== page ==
Macquarie Island
Fahan School

Susan and Fflur

Fahan Creations: ‘Macquarie Island’

Our Macquarie Island Project

Email Our Team Advisor

Fahan School Web Page


About Us:

Hello. Our names are Fflur and Susan and we are the Fahan Creations web team. We are currently studying Multimedia, at Fahan School. We are 16 and 17 years of age and are both interested in multimedia studies later in life. We plan to complete V.E.T Certificate IV next year, again at Fahan School. We enjoy the challenges of web design and graphic manipulation. This was an interesting project for us to work on.


What we learnt about Macquarie Island:

Whilst working closely with the writers we learnt a great deal about the history of Macquarie Island. Through the stories and the Information Hut we learnt what life must have really been like for the sealers, scientists and other people living on the island from the late 1800’s to the early 1900’s.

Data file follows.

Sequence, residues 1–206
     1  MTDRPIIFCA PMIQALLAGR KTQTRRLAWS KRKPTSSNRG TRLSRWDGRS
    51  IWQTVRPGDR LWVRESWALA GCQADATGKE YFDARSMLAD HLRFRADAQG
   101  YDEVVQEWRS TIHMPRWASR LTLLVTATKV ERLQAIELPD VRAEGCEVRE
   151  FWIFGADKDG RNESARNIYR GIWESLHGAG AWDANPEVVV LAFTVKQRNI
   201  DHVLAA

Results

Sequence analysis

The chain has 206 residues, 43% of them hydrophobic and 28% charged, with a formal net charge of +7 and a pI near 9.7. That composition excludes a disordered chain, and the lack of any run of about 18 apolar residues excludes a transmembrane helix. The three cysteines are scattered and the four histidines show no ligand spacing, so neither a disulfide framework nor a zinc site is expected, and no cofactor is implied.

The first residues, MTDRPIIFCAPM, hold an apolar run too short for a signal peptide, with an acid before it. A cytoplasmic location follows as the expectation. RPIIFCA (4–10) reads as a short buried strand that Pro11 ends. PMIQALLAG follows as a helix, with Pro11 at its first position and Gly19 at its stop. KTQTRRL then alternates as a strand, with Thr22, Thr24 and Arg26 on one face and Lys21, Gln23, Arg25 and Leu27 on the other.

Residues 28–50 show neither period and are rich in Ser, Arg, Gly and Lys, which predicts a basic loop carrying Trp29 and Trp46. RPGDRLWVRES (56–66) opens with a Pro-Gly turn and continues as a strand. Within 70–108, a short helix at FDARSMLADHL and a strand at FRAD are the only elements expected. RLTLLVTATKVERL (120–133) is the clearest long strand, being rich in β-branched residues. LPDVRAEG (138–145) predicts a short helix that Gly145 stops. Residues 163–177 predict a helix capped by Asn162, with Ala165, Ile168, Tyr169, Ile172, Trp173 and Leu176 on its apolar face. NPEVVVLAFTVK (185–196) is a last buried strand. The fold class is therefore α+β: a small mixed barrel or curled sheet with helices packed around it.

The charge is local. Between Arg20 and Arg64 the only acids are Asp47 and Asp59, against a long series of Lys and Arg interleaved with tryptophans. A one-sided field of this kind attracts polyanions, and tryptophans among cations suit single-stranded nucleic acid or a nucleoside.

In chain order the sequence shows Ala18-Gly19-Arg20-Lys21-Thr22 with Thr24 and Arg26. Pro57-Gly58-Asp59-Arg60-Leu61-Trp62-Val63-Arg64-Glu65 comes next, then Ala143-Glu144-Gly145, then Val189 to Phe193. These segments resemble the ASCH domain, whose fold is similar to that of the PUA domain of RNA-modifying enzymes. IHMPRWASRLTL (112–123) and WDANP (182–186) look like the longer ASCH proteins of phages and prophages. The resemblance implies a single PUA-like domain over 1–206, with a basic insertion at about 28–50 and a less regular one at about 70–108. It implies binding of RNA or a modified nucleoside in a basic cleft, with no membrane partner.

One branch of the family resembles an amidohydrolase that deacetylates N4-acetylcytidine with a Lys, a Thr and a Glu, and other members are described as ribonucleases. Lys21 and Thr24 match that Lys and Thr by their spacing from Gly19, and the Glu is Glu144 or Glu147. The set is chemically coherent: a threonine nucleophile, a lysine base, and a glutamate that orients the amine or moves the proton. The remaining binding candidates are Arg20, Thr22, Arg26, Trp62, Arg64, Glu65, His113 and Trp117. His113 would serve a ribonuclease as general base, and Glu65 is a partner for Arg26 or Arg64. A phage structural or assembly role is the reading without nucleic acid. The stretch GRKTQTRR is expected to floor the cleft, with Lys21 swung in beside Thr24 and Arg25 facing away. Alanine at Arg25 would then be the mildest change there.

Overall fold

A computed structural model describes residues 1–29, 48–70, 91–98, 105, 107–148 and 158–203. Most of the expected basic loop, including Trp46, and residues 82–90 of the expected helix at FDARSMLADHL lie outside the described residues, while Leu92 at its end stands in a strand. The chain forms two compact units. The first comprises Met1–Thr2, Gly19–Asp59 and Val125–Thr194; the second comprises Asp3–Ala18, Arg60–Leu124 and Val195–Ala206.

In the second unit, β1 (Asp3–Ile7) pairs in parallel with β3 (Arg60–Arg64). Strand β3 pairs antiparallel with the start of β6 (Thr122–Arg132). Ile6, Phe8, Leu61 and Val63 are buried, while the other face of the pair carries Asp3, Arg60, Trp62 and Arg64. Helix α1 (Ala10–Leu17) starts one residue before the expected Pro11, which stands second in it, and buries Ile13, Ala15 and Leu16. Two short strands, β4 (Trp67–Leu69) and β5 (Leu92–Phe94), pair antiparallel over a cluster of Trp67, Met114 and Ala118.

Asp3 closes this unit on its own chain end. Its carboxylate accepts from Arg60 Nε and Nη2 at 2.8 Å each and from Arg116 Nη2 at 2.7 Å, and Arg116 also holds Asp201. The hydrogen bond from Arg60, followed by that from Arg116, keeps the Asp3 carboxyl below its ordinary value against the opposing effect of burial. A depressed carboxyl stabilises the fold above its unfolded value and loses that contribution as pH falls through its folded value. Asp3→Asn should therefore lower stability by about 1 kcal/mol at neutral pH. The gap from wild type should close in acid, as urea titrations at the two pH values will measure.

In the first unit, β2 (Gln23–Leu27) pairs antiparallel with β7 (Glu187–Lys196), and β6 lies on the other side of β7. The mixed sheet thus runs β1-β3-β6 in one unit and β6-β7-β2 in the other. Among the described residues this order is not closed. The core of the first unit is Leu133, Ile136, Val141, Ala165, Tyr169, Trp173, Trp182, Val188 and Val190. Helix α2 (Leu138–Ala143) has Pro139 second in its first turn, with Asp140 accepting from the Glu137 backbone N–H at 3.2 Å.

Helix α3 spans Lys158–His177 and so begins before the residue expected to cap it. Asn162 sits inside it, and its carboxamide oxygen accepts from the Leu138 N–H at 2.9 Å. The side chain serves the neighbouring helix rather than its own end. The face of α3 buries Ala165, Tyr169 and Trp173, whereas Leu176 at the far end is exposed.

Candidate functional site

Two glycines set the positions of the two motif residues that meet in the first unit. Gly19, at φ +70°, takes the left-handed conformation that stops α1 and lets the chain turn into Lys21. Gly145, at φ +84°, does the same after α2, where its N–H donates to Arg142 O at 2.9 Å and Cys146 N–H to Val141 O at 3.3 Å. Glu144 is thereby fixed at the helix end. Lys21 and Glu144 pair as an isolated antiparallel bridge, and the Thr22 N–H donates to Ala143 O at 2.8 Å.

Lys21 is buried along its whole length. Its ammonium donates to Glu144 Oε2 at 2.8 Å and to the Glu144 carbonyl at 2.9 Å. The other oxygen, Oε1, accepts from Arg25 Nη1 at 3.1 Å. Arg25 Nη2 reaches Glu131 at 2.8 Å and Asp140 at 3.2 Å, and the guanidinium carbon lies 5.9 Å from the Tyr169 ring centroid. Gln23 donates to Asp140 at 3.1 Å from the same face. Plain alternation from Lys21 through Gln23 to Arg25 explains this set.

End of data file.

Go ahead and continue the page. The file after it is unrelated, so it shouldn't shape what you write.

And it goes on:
The wild life on Macquarie Island also interested us greatly. The fact that feral animals, such as cats and rabbits have damaged much of the flora and fauna on the island concerned us greatly. Macquarie Island is a serene place with a small community of people living there annually.

The journals we read about the island gave us insights into the everyday lives of the Sailors, Sealers and Scientists who visited the island more than 100 years ago.

The photographs of the shipwrecks on the island and offshore, helped us understand just how influential the climate is on the sub Antarctic islands.

We learnt that severe storms around the area are not uncommon. Temperatures dropped well below 0°C, which made life very uncomfortable for the residents of the island.